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ICORP top page > Past Projects > Quantum Spin Information Project
Past Projects
RNA
ATP
Ultrashort Pulse Laser
Spatio-Temporal
Membrane Mechanisms
Quantum Spin Information
Organ Regeneration
Computational Brain
Nanoscale Quantum Conductor Array
Dynamic Nanomachine
Entropy Control
Calcium Oscillation
Photon Craft
Cell Mechanosensing
Bio-Recycle
Quantum Entanglement
Development of HIV/AIDS vaccine for HIV-1 Subtype-E
Single Molecule Processes
Nanotubulites
Chemotransfiguration
Cold Trapped Ion
Mind Articulation
NeuroGenes
Ceramics Superplasticity
Quantum Transition
Subfemtomole Biorecognition
Supermolecules
Microbial Evolution
Atom Arrangement-Design and Control for New Materials
2005.3-2010.3 Quantum Spin Information Project
Japan
-The Netherlands . Switzerland
Research Directors
Prof. Seigo Tarucha Prof. Seigo Tarucha
Dept. of Applied Physics, Graduate School of Engineering, The University of Tokyo
Prof. Leo P. Kouwenhoven   Prof. Leo P. Kouwenhoven
Dept. of Applied Sciences, Delft University of Technology
Prof. Daniel Loss   Prof. Daniel Loss
Dept. of Physics, University of Basel


Counterpart Organization: Delft University of Technology(The Netherland.),
University of Basel(Switzerland)

Characteristics of small devices having sizes of the de Broglie wavelength (~0.1μm) can directly reflect the features of fundamental quanta such as electrons, spins and photons. Precise control over the quantum properties can give rise to innovation in information security and information technology.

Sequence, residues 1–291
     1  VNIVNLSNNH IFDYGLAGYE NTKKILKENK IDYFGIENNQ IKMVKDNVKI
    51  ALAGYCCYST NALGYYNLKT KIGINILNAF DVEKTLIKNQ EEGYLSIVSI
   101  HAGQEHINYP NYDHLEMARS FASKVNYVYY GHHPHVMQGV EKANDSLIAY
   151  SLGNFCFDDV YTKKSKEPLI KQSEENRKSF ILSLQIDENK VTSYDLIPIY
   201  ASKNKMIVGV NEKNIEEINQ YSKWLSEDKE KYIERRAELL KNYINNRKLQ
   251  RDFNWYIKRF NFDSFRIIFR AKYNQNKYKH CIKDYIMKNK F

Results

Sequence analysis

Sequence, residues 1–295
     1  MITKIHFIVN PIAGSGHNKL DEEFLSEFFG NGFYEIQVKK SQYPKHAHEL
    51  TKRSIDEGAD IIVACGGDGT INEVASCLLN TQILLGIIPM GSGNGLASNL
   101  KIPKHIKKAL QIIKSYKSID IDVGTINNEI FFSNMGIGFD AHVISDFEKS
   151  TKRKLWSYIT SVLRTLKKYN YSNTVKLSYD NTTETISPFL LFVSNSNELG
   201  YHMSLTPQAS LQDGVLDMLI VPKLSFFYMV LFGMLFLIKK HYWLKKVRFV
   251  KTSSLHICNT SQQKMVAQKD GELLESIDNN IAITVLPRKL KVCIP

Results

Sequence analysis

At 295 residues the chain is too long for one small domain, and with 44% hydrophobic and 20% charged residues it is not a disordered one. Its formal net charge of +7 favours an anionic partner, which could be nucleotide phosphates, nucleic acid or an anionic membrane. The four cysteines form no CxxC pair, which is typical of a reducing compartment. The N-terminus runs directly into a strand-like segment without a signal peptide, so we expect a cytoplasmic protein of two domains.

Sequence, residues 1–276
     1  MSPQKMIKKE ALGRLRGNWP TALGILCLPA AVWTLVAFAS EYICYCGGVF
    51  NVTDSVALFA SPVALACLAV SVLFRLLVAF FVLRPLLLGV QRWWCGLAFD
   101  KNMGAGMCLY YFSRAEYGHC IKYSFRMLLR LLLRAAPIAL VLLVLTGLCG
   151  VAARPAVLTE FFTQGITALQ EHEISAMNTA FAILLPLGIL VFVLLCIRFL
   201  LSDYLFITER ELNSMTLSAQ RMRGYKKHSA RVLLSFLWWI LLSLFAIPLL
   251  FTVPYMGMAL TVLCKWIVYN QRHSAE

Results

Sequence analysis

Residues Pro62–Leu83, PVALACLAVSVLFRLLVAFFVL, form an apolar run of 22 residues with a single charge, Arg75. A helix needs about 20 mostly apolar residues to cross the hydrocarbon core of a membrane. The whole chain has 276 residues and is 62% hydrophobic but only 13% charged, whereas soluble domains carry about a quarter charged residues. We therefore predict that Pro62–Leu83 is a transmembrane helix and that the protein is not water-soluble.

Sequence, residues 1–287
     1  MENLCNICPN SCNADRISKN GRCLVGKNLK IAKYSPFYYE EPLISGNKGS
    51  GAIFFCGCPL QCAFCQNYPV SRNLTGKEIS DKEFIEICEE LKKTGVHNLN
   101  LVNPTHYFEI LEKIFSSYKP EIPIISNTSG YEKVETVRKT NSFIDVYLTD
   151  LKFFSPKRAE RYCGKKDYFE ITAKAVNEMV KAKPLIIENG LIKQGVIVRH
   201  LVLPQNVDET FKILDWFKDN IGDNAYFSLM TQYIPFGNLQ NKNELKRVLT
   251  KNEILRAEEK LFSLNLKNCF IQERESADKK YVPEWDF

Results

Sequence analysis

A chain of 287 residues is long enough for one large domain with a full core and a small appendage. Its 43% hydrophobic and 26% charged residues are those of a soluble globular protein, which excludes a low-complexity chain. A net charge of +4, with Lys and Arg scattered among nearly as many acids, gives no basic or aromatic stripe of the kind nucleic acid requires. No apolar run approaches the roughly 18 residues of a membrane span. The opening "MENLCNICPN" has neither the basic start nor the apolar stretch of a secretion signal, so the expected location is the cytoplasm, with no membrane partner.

This project aimed to make artificial atoms (quantum dots) using semiconductors, and then to explore quantum physics and to build up new concepts of quantum information technology. The project developed two quantum dots having micrometer-sized magnet and succeeded nondestructive readout of electron spins from the quantum dots by controlling them individually. The project also created three quantum dots necessary for quantum error correction, explored the physical phenomenon, and acquired principles for quantum gate configuration to implement multiple quantum bits. In addition, the project gained many toeholds in quantum information technology such as quantum information transfer, detection and control of nuclear spins, and so on.

This research project was jointly carried out with the Delft University of Technology in Netherlands and the University of Basel in Switzerland. The Japanese research group studied the fundamental physical properties of the quantum-dot-spins and quantum information processing. The Dutch research group worked on coherence-breaking in quantum dots for implementing quantum information processing and quantum physics in novel quantum substances such as carbon nanotubes. The Swiss research group developed new theories for supporting quantum information technology such as a theoretical proposal to experiments. These achievements from this research project are expected to apply to quantum computers and quantum communication in the future.

Japan Science and Technology Agency
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